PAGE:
• ViDAR has been integrated aboard many manned and unmanned, fixed-wing and rotary wing platforms since 2016. Supplied
    ViDAR has been integrated aboard many manned and unmanned, fixed-wing and rotary wing platforms since 2016. Supplied

Australian search and surveillance provider Sentient Vision Systems has announced the first flight of its ViDAR pod system, the VMS-5 (ViDAR Maritime Surveillance) Day/Night Optical Radar pod.

The VMS-5 Day/Night pod is the first of a range of ViDAR surveillance pods configured for different missions and aircraft types, and will be available for customer delivery during the first half of 2021.

ViDAR (Visual Detection and Ranging) is an optical radar that can autonomously detect small objects on the sea surface over very wide areas by day and night in conditions up to Sea State 6.

According to the company, demand for support of a wide range of missions is growing globally, including drug interdiction, anti-piracy and illegal fishing detection.

Since 2016, Sentient has supplied ViDAR as a software-based solution to operators who’ve integrated it aboard manned and unmanned, fixed-wing and rotary wing platforms. 

The company is reportedly now stepping up to become an Original Equipment Manufacturer (OEM) offering ViDAR as a complete solution, including sensors and processors, for operators around the world.

“ViDAR offers customers much better wide-area situational awareness at a lower cost than anything else available,” Dr Paul Boxer, Sentient Managing Director, said. “This is especially the case in Search and Rescue (SAR) operations.”

“By building our own integrated ViDAR pods we’re able to offer customers an enhanced surveillance capability backed up by dedicated support. Importantly, we control the quality and reliability of the ViDAR installation to deliver a more consistent, well-engineered, end-to- end integration and training process.”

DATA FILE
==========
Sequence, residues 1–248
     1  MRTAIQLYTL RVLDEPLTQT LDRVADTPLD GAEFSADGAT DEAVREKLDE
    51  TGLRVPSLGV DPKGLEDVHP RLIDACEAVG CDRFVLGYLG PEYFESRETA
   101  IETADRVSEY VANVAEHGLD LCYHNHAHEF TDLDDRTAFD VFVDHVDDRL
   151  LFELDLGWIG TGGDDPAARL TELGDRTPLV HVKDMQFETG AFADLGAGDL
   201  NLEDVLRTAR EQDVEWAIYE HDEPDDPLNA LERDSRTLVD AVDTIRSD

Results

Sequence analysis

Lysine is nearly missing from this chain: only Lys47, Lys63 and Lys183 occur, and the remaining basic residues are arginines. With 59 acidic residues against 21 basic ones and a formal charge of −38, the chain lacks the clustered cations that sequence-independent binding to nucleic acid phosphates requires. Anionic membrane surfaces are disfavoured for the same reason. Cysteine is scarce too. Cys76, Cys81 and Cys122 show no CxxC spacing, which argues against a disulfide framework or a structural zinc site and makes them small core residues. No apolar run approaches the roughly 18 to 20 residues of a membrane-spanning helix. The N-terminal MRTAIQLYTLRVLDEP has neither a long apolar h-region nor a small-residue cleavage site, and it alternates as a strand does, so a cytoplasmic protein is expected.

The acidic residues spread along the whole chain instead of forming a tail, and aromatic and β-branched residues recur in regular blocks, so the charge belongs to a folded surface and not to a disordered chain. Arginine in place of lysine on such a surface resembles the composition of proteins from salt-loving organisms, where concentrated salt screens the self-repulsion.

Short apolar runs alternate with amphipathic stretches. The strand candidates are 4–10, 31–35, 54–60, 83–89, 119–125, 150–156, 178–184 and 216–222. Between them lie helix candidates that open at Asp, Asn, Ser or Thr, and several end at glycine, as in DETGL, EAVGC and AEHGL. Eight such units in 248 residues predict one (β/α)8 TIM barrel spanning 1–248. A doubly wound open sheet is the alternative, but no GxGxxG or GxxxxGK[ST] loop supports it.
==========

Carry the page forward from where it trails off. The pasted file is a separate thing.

The ViDAR VMS-5 pod is equipped with multiple fixed, high-resolution cameras with a combined Field of View (FoV) of 180 degrees. From an altitude of 1500ft at a speed of about 90kt, they scan a surface swathe of 3.2 nautical miles wide to find targets as small as a person in the water. If the mission objective is to find a suspicious boat with a low radar cross-section then the ViDAR swath can be increased to over 25nm from 1500 metres.

If the target is within its field of view, ViDAR will spot it, even in Sea State 6 – "increasing probability of detection to over 96 per cent on first pass." The ViDAR software provides a thumbnail to the operator’s mission system showing the target and its location, enabling the operator to slew the platform’s primary sensor onto it for further inspection. The pods will be offered initially with two sensor types: a 60 Megapixel Electro-Optic (E/O) installation and a HD Infrared (IR) sensor for night and bad weather operations. Depending on the application these can also be equipped with a camera turret.

“One size definitely does not fit all,” said Dr Boxer. “Which is why we’re developing a range of ViDAR pods and installations for different missions depending on the speed and altitude of the aircraft and whether operations call for day-only or day-night capability.

“A new generation of higher-definition sensors and enhanced processors becomes available roughly every 18 months, so the ViDAR pods are designed to accommodate new payloads with minimal re-design."

The initial VMS-5 pod design is being flight tested and demonstrated on a Cessna 172, with pod designs being developed for larger, faster aircraft such as the Viking Twin Otter, King Air 300, Boeing 737 based maritime patrol aircraft, helicopters such as the AS365, AW139, AW189, AW101 and a range of medium-altitude long endurance (MALE) UAVs.

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